LinkedIn Experience Section
The experience section on LinkedIn acts as a work experience section in a resume.
Just like a resume's work experience section, LinkedIn also follows a reverse-chronological order for presenting your work experience.
In other words, LinkedIn shows your current or most recent work of place first, followed by the rest.
The experience section is important as it presents the following information:
- Name of the organizations you have worked
- Job designations held
- The duration of your professional engagement with each organization
- The details of your everyday work activity
Of interest to us is the last point. The details of your everyday work responsibilities are telling of the nature of work you are capable of.
It also shows the specialization of your work and the work you can be delegated if you are hired by a different organization.
Great LinkedIn profiles almost always have great LinkedIn summaries and an even better LinkedIn experience section.
Here's what you can do to optimize the LinkedIn experience section:
- To optimize the LinkedIn experience section, write 5-10 bullet points communicating your key work responsibilities.
- Grop similar points under unique headings.
- Talk about your top skills and achievements in each point.
- Summarize your career highlights in those points.
- Add achievement figures to demonstrate the value of your professional contributions.
- Highlight important awards & recognition that you may have achieved in the past.
While a resume is often tailored for a single opportunity, a LinkedIn profile speaks to all potential employers.
Thus, we advise you to get as detailed as possible. Get specific with each position on your profile and include power add-ons like accomplishments, awards, skills, or special presentations within each work profile.
Here's an example of a a good LinkedIn experience section:
One of the first things that anyone notices when they visit your LinkedIn profile is your photo. It should be effective + visually appealing.
You can ensure a strong first impression by optimizing something as basic as your LinkedIn profile picture.
Read on to learn how to optimize your LinkedIn profile photo:
- We recommend you to go for a mugshot or a clean front-facing headshot image.
- According to a survey, users with a professional profile picture get 14 times more profile views as compared to those with a casual profile picture. Thus, we advise you to wear formal clothing.
- In addition to wearing formal clothes, smile in your photo - doing this helps you strike the perfect balance between professional and approachable.
- Click the picture against a bright and solid background. See to it that the picture you upload is of high resolution - it will make you stand out.
- Make your public photo visible to everyone on LinkedIn (not just your connections). This is helpful as people tend to be more receptive to professionals with a visible photo vis-a-vis someone who does not have a profile photo.
The LinkedIn cover picture section is a lot like the profile photo with one key difference:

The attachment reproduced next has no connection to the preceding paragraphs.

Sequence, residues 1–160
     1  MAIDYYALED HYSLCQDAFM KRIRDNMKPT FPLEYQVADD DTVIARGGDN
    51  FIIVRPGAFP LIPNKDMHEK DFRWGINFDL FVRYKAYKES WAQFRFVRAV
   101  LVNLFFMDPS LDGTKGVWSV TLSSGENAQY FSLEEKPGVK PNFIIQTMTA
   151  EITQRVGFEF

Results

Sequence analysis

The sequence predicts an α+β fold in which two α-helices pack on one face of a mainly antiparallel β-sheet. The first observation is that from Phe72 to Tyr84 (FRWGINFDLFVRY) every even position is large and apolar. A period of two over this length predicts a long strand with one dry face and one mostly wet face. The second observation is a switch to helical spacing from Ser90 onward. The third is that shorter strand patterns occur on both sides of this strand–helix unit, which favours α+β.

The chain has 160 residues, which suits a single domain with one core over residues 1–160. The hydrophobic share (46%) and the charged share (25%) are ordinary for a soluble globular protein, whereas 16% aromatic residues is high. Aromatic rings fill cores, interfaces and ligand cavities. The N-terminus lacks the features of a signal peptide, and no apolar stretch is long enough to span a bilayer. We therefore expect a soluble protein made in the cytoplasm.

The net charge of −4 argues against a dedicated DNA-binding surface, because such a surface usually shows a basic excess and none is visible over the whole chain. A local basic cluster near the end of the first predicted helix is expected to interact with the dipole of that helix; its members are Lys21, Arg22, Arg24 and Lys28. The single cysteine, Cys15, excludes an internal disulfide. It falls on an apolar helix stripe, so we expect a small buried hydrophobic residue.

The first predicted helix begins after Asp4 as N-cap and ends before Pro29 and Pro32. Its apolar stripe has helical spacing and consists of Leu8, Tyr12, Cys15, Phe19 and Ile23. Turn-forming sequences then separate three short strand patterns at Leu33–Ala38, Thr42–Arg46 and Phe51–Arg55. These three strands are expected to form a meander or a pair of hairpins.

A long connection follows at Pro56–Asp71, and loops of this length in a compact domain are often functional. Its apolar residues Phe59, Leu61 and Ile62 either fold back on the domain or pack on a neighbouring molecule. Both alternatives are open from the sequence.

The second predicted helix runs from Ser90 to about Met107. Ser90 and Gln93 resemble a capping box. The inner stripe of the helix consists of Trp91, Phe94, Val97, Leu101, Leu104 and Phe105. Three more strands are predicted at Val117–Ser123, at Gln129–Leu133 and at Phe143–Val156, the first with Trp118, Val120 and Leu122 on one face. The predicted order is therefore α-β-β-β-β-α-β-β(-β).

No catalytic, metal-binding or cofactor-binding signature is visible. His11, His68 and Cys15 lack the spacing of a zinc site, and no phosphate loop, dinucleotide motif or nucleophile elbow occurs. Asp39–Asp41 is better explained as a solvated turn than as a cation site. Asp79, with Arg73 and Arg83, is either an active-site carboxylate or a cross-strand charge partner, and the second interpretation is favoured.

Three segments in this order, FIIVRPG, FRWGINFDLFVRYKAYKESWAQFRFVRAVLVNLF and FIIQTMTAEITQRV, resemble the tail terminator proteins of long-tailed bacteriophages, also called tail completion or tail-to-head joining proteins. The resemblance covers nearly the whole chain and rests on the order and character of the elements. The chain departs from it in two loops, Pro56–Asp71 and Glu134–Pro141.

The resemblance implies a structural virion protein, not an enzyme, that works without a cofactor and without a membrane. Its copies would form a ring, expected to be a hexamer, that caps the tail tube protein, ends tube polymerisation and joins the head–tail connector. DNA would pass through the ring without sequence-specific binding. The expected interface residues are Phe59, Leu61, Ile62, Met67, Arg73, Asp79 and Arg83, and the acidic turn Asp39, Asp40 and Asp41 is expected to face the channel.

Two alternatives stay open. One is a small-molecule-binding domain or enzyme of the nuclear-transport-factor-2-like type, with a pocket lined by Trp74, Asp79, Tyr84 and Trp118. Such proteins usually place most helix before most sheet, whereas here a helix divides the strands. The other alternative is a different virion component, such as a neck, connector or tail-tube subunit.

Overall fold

It should not have a personal photograph of you.
It is not needed.
That's what the profile picture is for.
Instead, you can think of this space as a business communication space.
Does this seem interesting?
Read on to learn how to optimize your LinkedIn cover picture:
- Do not use your photographs as your LinkedIn cover picture.
- Put a cover picture that best represents what you do professionally. Example: The services you provide, business information, your key skills, etc.
- If you are an Artist, a Photographer, or a Model; we encourage you to post images that communicate your professional roles effectively. For example, models can have their modeling images, photographers can feature their photography work as their LinkedIn cover photo, etc. Similarly, Artists can also put photos of their artistry in the cover picture section.
Here's what Neil Patel's profile photo & cover picture on LinkedIn looks like:
Skills & Endorsements
LinkedIn helps you present your skills to potential recruiters on the platform.
It also allows you to show your expertise in a particular skill (or list of skills) in the form of skill endorsements.
Highlighting your skills on LinkedIn and getting endorsed for those skills helps you establish that your skill is recognized by people who matter.
It helps you show your skills matter.
When you get a skill endorsement from employers or reporting managers, it helps you show that you are acknowledged by your superiors.
And that matters.
So make sure that you present all your skills on your LinkedIn profile. Moreover, feel free to ask for skill endorsements from current & past employers and managers.
Here is a snapshot of LinkedIn's Skills & Endorsements Section:
The image shows a broad list of the professional's skills + endorsements received against those skills.
As shown in the above snapshot, we see that the writer has gotten endorsements for these three key areas namely:
- Search Engine Optimization (SEO)
- Web Content Writing
- Keyword Research
Getting endorsed on these skills increases the authenticity and brand value of the writer. It also goes a long way in impressing a recruiter and winning their favors.
Believe it or not, you can receive recommendations from people on LinkedIn.
They serve as a testament to your professionalism and work ethics. They also help you communicate your work expertise and skill expertise.
We advise you to ask for recommendations from co-workers, managers, employers, etc. You can also ask your direct supervisors to write your recommendations.
Hiration Pro Tip: Don't exchange recommendations. If someone has written a recommendation for you, we suggest waiting for a whole one month before you write back a recommendation.
Your LinkedIn profile should be littered with third-party references.
Recommendations allow employers to quickly assess the reliability and accuracy of your profile.
The more the recommendations, the better your LinkedIn account performance.
But while you're at it, make sure that you don't randomly ask for recommendations from just about anyone.
Make sure that the recommendations you receive are from people you had a chance to work with in the past.
According to The 2016 Job Search Guide, these are the following steps in which you can optimize your LinkedIn profile to turn your future role into more than just a LinkedIn job: